by Kelsey Norwood

in Uncategorized

While I was in college I became a transcriber for deaf and hard of hearing students.  I was trained on a program called TypeWell, which is a short hand/abbreviation word processing program.  In short, this is how it works:  A transcriber goes with a deaf student to class and types the lecture as it happens.  The student and the transcriber each have a laptop.  The transcriber types on his/her laptop and the text comes up on the student’s laptop through a wireless connection.  Because of this linking technology, the student can sit wherever in the classroom he or she wants.  The transcriber sits in a convenient place and many people don’t know that the deaf student is even receiving services.

I worked as a transcriber while going to school and have continued to work a little bit since I graduated at two different universities.  I love this job because I get to sit in on many interesting classes without having to actually take or pay for them.  Some of my favorites so far include drawing, anthropology, geology, nursing, and criminal justice.  Another great thing about being a transcriber is that I get to feel like my work is really helping someone.  (I’ve also looked into using my experience as a transcriber to do medical transcription).

TypeWell is a fabulous program, I can’t say enough about it.  I have experience with a few different transcription programs, and TypeWell is my favorite by far.  It provides the highest quality communication access and really benefits the student.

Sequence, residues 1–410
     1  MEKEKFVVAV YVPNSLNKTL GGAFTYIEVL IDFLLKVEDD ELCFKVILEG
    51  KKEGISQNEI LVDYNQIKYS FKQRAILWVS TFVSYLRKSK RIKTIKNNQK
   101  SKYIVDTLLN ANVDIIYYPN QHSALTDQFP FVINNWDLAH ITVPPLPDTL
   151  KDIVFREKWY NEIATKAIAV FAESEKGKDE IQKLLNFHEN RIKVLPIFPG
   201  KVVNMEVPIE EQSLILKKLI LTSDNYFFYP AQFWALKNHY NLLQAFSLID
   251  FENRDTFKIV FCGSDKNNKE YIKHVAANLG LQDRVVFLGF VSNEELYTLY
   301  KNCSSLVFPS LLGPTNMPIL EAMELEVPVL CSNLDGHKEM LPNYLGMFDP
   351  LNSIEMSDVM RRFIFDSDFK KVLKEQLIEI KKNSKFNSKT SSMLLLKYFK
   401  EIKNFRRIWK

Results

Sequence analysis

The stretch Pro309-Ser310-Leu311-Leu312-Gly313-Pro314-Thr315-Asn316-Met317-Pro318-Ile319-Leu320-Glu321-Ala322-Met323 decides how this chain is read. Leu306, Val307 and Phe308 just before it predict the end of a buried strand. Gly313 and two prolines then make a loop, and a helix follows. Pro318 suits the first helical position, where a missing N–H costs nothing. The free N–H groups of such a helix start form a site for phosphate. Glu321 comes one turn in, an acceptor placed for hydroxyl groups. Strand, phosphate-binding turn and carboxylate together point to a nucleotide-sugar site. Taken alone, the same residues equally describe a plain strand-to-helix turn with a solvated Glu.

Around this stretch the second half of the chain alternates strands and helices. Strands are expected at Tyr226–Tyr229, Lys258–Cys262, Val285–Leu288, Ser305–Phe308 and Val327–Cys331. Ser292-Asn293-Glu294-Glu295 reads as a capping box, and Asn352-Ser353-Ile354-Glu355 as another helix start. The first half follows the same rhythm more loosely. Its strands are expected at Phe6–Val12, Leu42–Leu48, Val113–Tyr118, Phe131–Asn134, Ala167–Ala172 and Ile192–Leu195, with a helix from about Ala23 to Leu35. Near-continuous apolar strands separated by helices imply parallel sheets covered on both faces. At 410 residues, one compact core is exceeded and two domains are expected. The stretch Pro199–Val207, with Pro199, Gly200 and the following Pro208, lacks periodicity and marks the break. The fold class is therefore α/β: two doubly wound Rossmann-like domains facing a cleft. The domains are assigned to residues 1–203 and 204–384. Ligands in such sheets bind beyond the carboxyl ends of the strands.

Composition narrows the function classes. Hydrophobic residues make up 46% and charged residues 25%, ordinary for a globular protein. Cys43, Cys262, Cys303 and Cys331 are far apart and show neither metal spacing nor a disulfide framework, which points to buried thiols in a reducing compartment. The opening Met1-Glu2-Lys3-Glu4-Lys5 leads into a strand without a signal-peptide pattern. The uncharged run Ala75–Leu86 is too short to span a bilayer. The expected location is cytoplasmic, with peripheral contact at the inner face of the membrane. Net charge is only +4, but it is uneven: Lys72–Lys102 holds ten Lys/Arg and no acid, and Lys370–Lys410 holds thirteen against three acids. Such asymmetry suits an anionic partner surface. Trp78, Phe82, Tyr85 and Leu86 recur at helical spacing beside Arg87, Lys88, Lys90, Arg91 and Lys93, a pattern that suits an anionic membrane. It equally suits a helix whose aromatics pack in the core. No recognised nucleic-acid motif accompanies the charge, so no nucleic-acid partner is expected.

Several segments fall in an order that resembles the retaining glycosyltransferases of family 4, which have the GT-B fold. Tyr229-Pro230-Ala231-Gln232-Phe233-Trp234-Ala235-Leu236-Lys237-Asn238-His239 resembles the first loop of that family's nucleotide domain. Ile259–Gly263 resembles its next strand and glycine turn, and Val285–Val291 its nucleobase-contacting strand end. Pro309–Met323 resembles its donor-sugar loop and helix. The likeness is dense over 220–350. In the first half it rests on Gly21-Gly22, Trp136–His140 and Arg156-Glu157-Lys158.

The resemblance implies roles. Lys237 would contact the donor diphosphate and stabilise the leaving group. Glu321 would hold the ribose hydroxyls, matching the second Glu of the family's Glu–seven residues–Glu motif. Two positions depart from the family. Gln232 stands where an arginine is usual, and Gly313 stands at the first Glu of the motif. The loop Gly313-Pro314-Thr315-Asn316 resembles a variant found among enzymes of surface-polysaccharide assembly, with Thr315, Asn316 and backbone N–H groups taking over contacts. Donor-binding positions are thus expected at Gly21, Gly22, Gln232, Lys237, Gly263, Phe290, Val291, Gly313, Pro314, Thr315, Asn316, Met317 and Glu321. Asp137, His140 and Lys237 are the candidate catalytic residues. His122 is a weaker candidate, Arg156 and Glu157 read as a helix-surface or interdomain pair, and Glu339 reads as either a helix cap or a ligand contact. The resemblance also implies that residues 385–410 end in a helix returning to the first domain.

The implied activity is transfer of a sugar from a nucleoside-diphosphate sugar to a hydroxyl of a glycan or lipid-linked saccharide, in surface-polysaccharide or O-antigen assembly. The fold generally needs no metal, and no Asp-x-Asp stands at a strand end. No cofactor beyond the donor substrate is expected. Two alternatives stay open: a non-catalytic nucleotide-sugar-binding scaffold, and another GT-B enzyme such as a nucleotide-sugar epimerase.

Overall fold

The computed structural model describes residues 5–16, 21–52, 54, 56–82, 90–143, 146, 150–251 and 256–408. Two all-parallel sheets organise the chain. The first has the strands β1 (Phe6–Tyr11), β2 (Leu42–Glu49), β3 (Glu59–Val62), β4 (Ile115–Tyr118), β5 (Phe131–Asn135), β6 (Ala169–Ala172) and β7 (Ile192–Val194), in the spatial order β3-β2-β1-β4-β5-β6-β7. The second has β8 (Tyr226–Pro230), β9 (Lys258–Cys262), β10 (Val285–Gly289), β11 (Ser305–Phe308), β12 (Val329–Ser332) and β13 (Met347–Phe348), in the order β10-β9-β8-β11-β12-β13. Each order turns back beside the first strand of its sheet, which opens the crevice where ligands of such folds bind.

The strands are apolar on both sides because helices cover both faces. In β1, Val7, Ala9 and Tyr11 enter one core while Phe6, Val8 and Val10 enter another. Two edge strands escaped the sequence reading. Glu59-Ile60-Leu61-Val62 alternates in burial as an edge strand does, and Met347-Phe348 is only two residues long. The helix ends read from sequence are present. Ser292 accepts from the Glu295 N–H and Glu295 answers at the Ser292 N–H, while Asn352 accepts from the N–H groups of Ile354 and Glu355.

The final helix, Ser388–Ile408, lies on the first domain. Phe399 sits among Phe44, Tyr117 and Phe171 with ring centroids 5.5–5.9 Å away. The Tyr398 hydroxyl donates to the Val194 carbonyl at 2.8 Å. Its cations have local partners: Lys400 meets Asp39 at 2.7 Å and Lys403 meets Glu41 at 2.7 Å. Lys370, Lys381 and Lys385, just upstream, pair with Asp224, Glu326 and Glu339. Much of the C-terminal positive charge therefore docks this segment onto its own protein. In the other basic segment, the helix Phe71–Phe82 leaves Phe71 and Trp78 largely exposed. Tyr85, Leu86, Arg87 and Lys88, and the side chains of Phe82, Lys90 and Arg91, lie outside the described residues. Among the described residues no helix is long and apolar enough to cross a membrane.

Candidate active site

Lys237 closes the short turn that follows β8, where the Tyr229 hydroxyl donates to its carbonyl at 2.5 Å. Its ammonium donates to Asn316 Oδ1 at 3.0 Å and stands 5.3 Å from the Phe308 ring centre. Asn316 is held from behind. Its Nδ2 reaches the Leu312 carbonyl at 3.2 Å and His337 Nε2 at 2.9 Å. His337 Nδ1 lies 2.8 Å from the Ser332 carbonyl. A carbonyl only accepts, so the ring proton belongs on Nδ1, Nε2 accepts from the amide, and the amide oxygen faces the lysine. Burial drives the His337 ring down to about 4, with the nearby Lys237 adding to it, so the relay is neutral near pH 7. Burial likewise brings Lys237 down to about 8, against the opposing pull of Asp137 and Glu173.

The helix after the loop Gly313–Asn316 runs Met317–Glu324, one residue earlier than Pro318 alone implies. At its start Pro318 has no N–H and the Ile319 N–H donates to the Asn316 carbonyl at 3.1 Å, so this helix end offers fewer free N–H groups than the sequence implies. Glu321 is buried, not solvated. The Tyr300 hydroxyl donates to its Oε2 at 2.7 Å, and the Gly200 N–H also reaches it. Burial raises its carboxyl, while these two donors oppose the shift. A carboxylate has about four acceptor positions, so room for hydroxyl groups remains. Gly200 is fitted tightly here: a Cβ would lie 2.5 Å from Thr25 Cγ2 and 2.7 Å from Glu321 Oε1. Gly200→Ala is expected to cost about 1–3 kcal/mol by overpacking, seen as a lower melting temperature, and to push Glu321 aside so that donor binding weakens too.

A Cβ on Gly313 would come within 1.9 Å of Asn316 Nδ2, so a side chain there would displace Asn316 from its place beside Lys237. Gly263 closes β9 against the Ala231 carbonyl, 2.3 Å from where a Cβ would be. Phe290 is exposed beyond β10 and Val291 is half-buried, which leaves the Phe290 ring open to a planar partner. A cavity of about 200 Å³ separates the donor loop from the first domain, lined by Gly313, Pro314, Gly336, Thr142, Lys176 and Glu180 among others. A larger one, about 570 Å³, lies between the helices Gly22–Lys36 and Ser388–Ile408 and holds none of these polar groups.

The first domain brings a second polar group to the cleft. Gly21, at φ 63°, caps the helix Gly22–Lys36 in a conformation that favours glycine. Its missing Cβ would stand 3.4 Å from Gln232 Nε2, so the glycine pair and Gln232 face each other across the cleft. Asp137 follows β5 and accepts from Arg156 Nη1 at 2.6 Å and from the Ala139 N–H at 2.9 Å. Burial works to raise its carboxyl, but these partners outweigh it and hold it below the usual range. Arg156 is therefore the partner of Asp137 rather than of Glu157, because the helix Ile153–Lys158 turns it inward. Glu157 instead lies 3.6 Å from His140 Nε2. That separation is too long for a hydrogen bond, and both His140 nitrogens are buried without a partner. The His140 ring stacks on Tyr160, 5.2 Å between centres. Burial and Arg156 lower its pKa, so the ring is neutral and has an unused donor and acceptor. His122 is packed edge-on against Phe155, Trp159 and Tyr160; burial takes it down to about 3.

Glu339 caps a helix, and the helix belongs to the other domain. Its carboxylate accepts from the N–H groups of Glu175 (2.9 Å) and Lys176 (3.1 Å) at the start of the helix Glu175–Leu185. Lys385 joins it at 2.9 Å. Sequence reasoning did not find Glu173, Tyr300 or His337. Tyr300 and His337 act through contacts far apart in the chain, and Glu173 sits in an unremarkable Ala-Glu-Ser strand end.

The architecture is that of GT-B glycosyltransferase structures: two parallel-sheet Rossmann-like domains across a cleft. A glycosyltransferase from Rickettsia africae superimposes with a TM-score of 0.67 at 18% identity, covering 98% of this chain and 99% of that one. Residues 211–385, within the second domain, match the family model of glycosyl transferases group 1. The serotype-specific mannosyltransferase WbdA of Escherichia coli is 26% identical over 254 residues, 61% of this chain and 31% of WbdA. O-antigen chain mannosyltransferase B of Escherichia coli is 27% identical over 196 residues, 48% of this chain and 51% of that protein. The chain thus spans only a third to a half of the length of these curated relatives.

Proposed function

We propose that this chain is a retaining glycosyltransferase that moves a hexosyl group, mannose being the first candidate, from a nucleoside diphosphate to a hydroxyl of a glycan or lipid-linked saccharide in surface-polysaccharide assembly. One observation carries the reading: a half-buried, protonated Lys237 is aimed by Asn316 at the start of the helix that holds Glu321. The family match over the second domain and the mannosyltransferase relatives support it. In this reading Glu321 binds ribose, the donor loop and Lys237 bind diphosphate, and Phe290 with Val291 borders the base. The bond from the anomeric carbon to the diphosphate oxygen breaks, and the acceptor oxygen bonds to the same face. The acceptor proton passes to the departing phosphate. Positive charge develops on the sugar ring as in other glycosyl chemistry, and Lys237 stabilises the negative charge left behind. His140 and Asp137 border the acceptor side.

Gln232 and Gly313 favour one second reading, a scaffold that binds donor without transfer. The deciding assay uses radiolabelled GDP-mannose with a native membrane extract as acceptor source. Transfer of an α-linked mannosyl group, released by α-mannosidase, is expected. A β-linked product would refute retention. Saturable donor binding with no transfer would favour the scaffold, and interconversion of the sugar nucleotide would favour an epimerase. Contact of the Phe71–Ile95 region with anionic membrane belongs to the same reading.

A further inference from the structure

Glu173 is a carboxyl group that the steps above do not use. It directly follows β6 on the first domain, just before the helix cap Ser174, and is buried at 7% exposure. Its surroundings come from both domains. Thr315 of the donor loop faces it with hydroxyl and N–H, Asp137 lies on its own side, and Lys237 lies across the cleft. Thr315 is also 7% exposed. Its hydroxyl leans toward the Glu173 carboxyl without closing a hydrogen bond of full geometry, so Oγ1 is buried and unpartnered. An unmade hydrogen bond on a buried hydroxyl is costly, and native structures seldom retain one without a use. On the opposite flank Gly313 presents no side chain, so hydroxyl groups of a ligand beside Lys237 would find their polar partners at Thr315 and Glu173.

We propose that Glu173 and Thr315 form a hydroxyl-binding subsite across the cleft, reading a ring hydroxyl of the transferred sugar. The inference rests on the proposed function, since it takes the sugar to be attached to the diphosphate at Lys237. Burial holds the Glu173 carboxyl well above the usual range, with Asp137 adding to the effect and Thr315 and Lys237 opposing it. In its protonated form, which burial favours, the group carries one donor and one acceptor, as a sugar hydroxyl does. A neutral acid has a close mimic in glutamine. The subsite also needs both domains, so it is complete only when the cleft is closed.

If you have a child who is either deaf or hard of hearing, look into TypeWell.  TypeWell is a great option for both the deaf and hard of hearing, for those who do and do not know ASL.  And if you’re looking for a little part time work, check with the accessibility services department at nearby colleges or universities.  In my experience, transcription is a job that has flexible hours and good pay.  Best of all, it’s fun and is an important service!


1 Liz June 2, 2009 at 10:47 am

Thank you for sharing your experiences and information. I just signed up for Typewell Training. I have experience in the classroom with electronic notetaking but not with a formal system like Typewell. I’m just a bit nervous about learning the new system but I’m very motivated to learn also. What study techniques worked best for you while learning Typewell? THANK YOU! Liz

2 Rhonda July 22, 2009 at 4:41 pm

Hi Liz: I start my Typewell training next week. I’m a little nervous and not sure what to expect. Have you started your training yet and if so, how is it going? Thanks for your response.


3 Ginger May 6, 2011 at 4:52 pm

the downside is, you usually have to be a student enrolled at the college to be a transcriptionist there. (ex: BYU).

Previous post:

Next post: